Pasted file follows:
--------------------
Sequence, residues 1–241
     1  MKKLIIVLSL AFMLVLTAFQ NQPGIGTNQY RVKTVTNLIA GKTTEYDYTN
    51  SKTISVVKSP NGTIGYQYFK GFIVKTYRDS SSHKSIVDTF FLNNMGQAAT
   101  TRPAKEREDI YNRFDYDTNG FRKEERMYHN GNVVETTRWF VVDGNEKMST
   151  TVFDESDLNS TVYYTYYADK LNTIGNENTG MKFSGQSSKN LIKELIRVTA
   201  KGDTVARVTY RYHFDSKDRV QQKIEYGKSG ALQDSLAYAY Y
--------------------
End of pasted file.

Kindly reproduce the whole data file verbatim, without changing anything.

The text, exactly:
Sequence, residues 1–241
     1  MKKLIIVLSL AFMLVLTAFQ NQPGIGTNQY RVKTVTNLIA GKTTEYDYTN
    51  SKTISVVKSP NGTIGYQYFK GFIVKTYRDS SSHKSIVDTF FLNNMGQAAT
   101  TRPAKEREDI YNRFDYDTNG FRKEERMYHN GNVVETTRWF VVDGNEKMST
   151  TVFDESDLNS TVYYTYYADK LNTIGNENTG MKFSGQSSKN LIKELIRVTA
   201  KGDTVARVTY RYHFDSKDRV QQKIEYGKSG ALQDSLAYAY Y